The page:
Such a high solubility of aluminum in a caustic soda solution is achieved when the following conditions are met simultaneously:

  • the specified concentration of caustic soda (NaOH) is maintained,
  • the set temperature of the solution is maintained,
  • the specified concentration of special additives is maintained, which prevent the precipitation of aluminum hydroxide.

Maintaining the stability of the bath E6

A high aluminum content is required for particularly matt surfaces, which can reach 200 g / l. With such a high aluminum content, special attention is required to bath stability [1].

Stable black bath E6

Just one look is enough, to determine if bath E6 is still stable. If it has a deep black color (picture 1), then you can be sure, that the bath is sufficiently stable. Of course, this visual assessment must always be confirmed by regular chemical analysis of the composition of the bath.


Figure 1 - Bath E6 deep black in stable condition [1]

Gray bath E6 - what's going on?

If the E6 bathtub turns gray instead of rich black, then you need to react immediately. In this case, the process of destabilization has already begun.. During this process, white, poorly soluble aluminum hydroxide particles. If the proportion in the bath continues to increase, then the bathtub becomes more and more gray, that is, the black color changes to dark gray, then medium gray, then light gray, until it turns completely white. In a light gray and white state, the bath is considered lost and must be completely restored., which requires significant amounts of finance, work and time. Therefore, it is necessary in every possible way to avoid the occurrence of such a state..


Figure 2 - Bath E6 dark gray - the beginning of destabilization [1]

How to save the unstable gray bath E6?

If the alkaline bath E6 turns slightly gray, necessary:

  • Complete bath chemistry analysis immediately.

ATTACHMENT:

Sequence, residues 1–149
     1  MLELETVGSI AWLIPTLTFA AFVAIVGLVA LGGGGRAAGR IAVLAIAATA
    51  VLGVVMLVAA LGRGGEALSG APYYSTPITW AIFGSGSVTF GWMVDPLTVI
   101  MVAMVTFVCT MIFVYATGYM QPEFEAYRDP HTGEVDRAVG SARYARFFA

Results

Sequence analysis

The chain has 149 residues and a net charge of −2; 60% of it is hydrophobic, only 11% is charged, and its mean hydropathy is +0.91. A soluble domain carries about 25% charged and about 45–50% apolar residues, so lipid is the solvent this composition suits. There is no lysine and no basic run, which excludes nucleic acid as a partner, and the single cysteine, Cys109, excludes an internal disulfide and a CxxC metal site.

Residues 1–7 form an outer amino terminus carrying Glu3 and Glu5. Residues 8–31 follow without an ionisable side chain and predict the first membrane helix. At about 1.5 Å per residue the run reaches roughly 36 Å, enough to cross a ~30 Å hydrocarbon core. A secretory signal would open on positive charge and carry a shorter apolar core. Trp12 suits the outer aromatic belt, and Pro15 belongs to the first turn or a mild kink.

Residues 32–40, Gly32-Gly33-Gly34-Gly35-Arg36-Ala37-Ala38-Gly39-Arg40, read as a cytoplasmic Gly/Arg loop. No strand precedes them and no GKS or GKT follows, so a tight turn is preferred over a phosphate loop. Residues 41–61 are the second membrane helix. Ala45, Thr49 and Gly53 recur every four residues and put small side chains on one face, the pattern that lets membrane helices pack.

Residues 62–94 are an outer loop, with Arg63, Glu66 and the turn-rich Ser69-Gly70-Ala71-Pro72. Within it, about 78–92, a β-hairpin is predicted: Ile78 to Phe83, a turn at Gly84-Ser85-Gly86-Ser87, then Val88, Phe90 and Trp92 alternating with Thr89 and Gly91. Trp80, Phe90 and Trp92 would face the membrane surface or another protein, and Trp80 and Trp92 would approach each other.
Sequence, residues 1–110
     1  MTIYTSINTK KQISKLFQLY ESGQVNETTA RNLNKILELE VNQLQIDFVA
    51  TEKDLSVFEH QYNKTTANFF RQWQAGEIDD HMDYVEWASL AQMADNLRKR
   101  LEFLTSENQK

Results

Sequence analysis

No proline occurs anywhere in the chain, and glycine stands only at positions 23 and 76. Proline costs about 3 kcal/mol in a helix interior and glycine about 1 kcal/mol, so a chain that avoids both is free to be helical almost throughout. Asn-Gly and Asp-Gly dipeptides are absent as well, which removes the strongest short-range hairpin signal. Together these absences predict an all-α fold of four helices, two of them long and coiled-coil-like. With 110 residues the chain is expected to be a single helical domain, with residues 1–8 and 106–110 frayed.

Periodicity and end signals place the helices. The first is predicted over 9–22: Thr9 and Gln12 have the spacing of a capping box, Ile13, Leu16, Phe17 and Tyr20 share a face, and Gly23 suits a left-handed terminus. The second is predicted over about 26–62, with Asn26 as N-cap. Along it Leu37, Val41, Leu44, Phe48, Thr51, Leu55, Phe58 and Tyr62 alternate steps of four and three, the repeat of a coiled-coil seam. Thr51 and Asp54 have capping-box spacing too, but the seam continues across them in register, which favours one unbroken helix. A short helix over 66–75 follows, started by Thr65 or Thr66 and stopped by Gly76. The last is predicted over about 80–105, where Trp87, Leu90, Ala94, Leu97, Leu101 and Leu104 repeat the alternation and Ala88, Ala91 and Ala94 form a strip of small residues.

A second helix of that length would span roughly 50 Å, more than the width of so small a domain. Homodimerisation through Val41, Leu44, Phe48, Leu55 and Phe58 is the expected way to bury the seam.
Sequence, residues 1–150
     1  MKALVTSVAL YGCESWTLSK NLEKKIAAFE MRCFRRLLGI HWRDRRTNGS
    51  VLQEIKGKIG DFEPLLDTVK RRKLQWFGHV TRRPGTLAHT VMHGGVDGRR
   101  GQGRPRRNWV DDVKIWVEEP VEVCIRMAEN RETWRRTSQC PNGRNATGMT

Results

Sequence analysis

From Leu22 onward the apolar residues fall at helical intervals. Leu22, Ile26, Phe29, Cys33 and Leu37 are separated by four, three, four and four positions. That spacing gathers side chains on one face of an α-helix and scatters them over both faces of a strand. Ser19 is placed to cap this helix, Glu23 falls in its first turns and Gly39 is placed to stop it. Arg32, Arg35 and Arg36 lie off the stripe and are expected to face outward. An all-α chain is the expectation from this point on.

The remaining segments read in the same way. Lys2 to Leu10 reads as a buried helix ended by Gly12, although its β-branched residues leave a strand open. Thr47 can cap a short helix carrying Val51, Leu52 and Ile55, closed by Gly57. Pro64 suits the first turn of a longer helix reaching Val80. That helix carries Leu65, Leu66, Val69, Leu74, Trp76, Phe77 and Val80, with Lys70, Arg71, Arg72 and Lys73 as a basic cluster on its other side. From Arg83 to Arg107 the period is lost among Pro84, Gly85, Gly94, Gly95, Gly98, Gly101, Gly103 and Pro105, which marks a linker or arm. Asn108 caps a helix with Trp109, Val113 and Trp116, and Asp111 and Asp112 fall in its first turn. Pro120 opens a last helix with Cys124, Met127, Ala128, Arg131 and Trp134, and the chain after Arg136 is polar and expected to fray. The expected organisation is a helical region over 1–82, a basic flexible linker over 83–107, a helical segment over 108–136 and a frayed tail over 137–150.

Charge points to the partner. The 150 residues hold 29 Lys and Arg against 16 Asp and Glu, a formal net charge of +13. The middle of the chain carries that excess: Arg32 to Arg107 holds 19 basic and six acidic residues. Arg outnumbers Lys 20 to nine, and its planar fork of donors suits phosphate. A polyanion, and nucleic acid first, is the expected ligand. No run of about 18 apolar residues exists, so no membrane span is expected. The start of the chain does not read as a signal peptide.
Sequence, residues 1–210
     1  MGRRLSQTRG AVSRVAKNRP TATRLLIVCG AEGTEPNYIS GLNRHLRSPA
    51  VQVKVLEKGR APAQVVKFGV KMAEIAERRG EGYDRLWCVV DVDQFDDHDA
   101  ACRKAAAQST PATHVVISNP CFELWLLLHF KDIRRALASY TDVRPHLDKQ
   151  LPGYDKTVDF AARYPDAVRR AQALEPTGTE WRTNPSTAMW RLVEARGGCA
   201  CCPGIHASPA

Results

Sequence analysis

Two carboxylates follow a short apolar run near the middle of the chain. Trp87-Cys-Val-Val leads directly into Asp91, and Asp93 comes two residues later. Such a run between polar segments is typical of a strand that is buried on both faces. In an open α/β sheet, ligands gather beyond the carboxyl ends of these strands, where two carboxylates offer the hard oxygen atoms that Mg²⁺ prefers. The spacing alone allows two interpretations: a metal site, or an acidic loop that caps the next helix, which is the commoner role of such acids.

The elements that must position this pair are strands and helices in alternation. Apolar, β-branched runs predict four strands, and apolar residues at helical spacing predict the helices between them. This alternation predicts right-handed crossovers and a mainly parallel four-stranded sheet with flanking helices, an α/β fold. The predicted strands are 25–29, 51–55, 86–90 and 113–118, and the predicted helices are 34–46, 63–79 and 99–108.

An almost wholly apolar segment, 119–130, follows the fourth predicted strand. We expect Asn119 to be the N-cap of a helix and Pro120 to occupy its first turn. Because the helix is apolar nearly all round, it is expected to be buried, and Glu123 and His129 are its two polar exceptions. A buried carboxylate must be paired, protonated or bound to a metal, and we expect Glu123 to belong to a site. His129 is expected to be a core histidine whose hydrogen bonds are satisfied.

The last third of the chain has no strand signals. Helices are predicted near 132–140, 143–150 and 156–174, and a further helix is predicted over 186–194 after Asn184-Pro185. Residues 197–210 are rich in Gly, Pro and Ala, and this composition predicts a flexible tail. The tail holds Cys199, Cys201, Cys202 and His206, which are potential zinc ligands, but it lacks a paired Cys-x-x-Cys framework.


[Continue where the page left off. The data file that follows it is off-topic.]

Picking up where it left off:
• A decrease in the aluminum content will indicate the instability of the bath., since part of the dissolved aluminum has already separated from the solution in the form of poorly soluble aluminum hydroxide.
  • At the same time, the sodium hydroxide content will increase, so it is released during the destabilization of the solution.

Figure 3 - Chemical reaction of the destabilization process [1]

It would be a mistake not to add sodium hydroxide to the bath., although its content is most likely still within the specified interval. Low alkalinity contributes to further destabilization of this bath [1]:

  1. A large amount of a special additive must be added to the gray bath (for example, Alfasatin) for extra stabilization, for example, twice as much, than usual.
  2. It is recommended to increase the alkalinity of the bath by adding sodium hydroxide, to further stabilize it.

These stabilization measures ensure that, to:

  • no further precipitation of aluminum hydroxide occurred and
  • the aluminum hydroxide remaining in the bath solution was gradually removed from the bath with treated aluminum surfaces.

As a result, the bath should gradually return to a stable state (black). During this time, monitoring the bath chemistry is especially important.. If the bath solution turns black again, then the stabilization process can be considered successful.

What to do with a light gray or milky white bath E6?

If the bath E6 has reached this state (figure 4), then there is no longer any way to save her. You can only wait a while, until the white sludge settles to the bottom of the bath. The settled liquid phase can then be pumped into an empty bath or container and then, depending on her condition, use when preparing a new bath.

However, the released white alumina sludge must be removed from the bath as soon as possible. If you delay with this, it will become stone and it will already be very difficult to clean the bathtub from it (picture 5).


Figure 4 - Fully destabilized bath E6 [1]


Figure 5 - Fossilized sludge of aluminum hydroxide from the bath E6 [1]

 

Sources:

  1. https://alufinish.de/en/destabilisation-of-alkaline-e6-long-term-pickling-processes/
  2. SPECULAR REFLECTANCE OF ANODIZED 6061-T6 ALUMINUM ALLOY / JON STRAUSS, Oregon State University – 2013
  3. Alkaline Etching of Aluminum & Its Alloys – A New Caustic Soda Recovery System –Italecno S.r.l. & Chemetall 2002.